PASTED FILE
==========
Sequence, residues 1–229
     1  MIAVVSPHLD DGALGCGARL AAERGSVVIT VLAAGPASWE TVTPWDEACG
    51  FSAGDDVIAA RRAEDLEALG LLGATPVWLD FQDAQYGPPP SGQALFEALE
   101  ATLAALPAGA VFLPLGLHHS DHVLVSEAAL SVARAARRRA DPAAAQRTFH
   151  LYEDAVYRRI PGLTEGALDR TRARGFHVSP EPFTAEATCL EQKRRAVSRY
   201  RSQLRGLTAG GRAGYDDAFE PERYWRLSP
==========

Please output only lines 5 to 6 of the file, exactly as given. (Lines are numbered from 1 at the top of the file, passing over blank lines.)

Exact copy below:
   151  LYEDAVYRRI PGLTEGALDR TRARGFHVSP EPFTAEATCL EQKRRAVSRY
   201  RSQLRGLTAG GRAGYDDAFE PERYWRLSP